80m Sea Rise maps - Africa, Middle East, Pakistan, India, Bangladesh

Using Google Maps and the Sea Level Rise applet, the following maps show 80 metres of sea level rise.

Areas shaded red are those areas inundated.


South-East Mediterranean - Egypt

Iraq - Pakistan

Pakistan (Detail)


I strongly recommend you check with your local maps to review the location of the 80 metre contour in your area of interest


  1. ROFLMAO! I was looking up what sea level rise could be expected from a 2C or 3C temperature increase over 100 years, and I came across your absurd maps. Do you SERIOUSLY think that sea levels are going to rise by 100 meters within a time frame of interest of, say, 100 years? That entails the melting of the entire Antarctic and Greenland ice caps - a process which will take THOUSANDS to MILLIONS of years at bare minimum (assuming absurd levels of temperature change). Even your sidebar testifies to this absurdity when you project sea levels out to 2500 AD to 2700 AD. Seriously, we can predict the future 500 years from now, the level of technology humans will have achieved, and we have complete knowledge of all the processes that affect climate?

    If this site wasn't a complete joke, you could perhaps do maps of, say, what the shoreline might look like with a 2 meter rise in sea level (projections indicate around 80cm rise by 2100). Even that map will completely miss the point that people aren't going to be displaced by sea level rise associated with global warming: Hundreds of Millions in China have already been "displaced" from the countryside into cities; Tens of Millions in Europe and America are "displaced" annually because almost nobody will live at the same location they were born by the time they are at university or working. Mass displacement assumes people are static over decades - a complete mis-assessment of reality.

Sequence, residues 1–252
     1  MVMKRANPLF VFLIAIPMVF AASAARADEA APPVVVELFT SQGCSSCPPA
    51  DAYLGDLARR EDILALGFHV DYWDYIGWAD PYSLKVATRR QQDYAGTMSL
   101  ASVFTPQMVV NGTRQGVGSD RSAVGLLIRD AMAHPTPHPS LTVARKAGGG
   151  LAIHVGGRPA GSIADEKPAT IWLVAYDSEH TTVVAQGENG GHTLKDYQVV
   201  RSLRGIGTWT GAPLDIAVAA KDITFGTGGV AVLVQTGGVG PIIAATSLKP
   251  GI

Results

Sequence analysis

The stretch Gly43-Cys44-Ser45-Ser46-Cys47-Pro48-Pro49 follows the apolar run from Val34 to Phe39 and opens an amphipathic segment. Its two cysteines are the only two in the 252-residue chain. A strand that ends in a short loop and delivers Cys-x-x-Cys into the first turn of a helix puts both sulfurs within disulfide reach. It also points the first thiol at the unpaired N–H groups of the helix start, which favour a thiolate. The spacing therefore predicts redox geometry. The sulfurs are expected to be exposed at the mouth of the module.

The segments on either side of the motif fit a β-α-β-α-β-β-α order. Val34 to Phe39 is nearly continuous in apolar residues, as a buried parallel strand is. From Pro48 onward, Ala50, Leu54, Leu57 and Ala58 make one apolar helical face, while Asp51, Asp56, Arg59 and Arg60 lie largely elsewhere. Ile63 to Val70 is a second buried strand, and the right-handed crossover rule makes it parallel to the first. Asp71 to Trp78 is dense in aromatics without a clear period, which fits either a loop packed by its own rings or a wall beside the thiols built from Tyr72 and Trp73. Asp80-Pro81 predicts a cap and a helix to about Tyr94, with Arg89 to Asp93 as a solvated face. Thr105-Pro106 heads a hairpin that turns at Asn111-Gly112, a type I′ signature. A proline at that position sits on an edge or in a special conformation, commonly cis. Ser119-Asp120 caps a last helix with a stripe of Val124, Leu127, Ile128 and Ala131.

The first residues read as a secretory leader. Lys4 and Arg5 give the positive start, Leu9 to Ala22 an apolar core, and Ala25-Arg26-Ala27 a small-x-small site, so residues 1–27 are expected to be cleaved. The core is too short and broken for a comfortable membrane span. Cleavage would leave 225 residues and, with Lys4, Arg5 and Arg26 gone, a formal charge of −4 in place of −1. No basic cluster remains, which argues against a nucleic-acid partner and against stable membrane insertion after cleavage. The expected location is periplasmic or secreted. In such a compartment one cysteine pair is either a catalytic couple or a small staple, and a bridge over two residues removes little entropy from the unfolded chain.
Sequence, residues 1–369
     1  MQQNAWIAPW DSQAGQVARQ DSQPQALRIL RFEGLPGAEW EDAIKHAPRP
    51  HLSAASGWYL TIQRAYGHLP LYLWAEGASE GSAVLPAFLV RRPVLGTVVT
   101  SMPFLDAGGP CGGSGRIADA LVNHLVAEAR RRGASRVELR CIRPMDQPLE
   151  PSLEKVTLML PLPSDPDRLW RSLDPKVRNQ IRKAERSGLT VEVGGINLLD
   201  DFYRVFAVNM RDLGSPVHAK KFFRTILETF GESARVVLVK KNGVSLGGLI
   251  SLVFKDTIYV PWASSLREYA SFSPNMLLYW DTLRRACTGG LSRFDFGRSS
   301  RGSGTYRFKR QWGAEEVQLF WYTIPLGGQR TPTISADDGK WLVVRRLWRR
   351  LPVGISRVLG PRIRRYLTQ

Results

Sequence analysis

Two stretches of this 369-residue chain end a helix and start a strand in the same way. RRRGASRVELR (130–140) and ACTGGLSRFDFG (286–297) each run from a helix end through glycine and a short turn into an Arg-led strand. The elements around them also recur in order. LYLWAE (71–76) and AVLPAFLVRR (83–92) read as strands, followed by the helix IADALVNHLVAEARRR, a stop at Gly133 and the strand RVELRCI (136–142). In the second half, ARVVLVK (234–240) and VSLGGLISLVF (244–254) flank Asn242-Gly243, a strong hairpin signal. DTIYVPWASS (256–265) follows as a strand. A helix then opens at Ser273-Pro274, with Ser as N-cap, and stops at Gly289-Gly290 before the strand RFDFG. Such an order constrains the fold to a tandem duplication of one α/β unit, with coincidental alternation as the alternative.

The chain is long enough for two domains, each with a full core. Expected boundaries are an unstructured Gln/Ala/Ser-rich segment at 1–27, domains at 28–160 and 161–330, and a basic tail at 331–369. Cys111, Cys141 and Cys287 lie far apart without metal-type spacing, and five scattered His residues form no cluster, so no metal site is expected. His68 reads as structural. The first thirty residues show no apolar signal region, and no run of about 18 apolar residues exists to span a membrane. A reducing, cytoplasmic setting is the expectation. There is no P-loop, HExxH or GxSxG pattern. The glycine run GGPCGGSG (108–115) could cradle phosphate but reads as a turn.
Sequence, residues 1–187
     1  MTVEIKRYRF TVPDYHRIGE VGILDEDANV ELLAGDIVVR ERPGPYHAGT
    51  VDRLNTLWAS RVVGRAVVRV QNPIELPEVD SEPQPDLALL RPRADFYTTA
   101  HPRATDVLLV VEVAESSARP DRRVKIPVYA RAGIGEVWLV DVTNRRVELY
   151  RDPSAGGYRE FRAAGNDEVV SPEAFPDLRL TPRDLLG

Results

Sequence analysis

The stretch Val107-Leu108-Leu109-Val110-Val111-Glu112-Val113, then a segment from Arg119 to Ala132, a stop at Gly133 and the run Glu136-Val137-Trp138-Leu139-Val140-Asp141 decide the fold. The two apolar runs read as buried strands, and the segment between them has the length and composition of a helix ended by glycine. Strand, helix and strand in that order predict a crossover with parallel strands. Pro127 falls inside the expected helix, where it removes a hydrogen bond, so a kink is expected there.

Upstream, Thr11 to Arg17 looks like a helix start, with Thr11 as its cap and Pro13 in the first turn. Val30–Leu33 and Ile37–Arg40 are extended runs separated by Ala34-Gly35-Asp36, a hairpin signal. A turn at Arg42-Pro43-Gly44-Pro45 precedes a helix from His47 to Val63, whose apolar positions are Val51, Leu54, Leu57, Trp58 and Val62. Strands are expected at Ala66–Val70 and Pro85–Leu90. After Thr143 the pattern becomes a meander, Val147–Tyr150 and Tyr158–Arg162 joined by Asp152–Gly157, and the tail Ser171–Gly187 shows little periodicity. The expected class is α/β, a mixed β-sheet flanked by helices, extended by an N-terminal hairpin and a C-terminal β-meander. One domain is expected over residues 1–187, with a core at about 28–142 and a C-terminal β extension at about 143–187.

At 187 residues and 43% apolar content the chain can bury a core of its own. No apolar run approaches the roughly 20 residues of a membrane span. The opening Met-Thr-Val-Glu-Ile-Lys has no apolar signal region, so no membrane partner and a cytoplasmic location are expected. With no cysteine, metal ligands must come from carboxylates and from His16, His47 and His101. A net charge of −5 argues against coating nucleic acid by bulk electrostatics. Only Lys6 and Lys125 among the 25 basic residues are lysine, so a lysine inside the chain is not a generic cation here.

You're better off quantifying other potential effects of global warming. The sea level stuff is academically "interesting", but quite a waste of time practically speaking.

  2. Thanks for your interest, you raise some good points.

    The melting of the ice sheets is underway and it will only stop when the CO2 levels return to pre-industrial levels.

    I postulate a 1000 to 2000 year melt out, but it could be slower, or faster, depending on whether we continue to take carbon out of the ground and put it into the air. Its our choice.

    I started by looking at the effect of sea level rises of a metre or so, and what we should do about that. But when that view is blended with peak oil we find that we only have another 5 to 10 years from today to use oil to rebuild our global coastal infrastructure.

    So we can only do that once, before our primary energy source is effectively gone. If we must do it once, then we have to build for the probably longer term future. That is why I recognise total melt of 80 metres sea level rise, and a prudent step above that for key infrastructure.

    Hence - The 100 metre line.

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